Cognet J.M.,SOS mains Champagne Ardenne | Levadoux M.,Service de chirurgie orthopedique | Martinache X.,SOS mains Champagne Ardenne
Journal of Hand Surgery: European Volume | Year: 2011

Seven patients with chronic scapholunate instability (Geissler grade 2-4) were treated by percutaneous placement of screws across the scapholunate joint after arthroscopic debridement of the remnants of the scapholunate ligament. In all seven cases, the screw caused partial destruction of the lunate and/or scaphoid requiring screw removal within 6 months. We no longer perform this procedure. © The Author(s) 2011.

Garreau de Loubresse C.,Service de chirurgie orthopedique
Orthopaedics and Traumatology: Surgery and Research | Year: 2014

Spinal surgery is a high-risk specialty with an ever-increasing patient volume. Results are very largely favorable, but neurologic damage, the most severe complication, may leave major sequelae, some of which can be life-threatening. Neurologic complications may be classified according to onset (per- vs. postoperative) and surgical site (cervical vs. thoracolumbar). The present paper provides quantitative data for the risks involved. Knowledge of these complications and their risk of onset is the best means of guiding prevention strategies. The spine surgeon is part of a multidisciplinary team, with the radiologist and electrophysiologist, which is able to identify risk factors preoperatively and diagnose neurologic complications per- or postoperatively. © 2014.

Allington N.J.,Service de chirurgie orthopedique
Journal of Pediatric Orthopaedics | Year: 2015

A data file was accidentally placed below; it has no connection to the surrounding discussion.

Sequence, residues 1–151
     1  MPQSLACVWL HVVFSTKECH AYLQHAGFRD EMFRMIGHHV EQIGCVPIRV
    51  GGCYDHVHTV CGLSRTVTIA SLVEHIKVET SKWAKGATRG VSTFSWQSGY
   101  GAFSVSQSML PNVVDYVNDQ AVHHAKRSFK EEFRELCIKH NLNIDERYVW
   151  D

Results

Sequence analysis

BACKGROUND:: Management of developmental dysplasia of the hip (DDH) with a Pavlik harness is a well-known treatment.Follow-up until skeletal maturity is recommended as long-term studies mention late sequelae.The purpose of this study was to determine whether such a follow-up is necessary in patients treated successfully under a strict protocol. METHODS:: A retrospective review of a consecutive series of normal infants treated for DDH between January 1995 and July 2004 was undertaken.Only normal infants with frankly pathologic hips treated successfully with a Pavlik harness were included, and with a normal anteroposterior (AP) pelvis x-ray at the age of 2 years.All infants with any type of neurological disease, syndrome, other form of treatment for DDH, and failure of the Pavlik harness were excluded.At the last follow-up, a clinical examination and a standing AP pelvis x-ray were performed. RESULTS:: A total of 109 hips in 83 children were available for review. The mean follow-up was of 10 years and 2 months. All 109 hips had a normal clinical examination and a normal AP pelvis x-ray: a mean center-edge angle (CEA) of 29.5 degrees, SD±4.1 degrees, a mean acetabular index (AI) of 1457±3.74 degrees, a mean Sharp’s angle of 41.92±3.42 degrees, a Seringe-Severin score of IA, a normal teardrop figure, no signs of avascular necrosis, and Moses circles <2. CONCLUSION:: This study strongly suggests that in a selected group of patients treated for DDH with a Pavlik harness, under a strict protocol, and a normal x-ray at 2 years of age, a long-term follow-up is not necessary. LEVEL OF EVIDENCE:: Level III—therapeutic. © 2015 Wolters Kluwer Health, Inc. All rights reserved.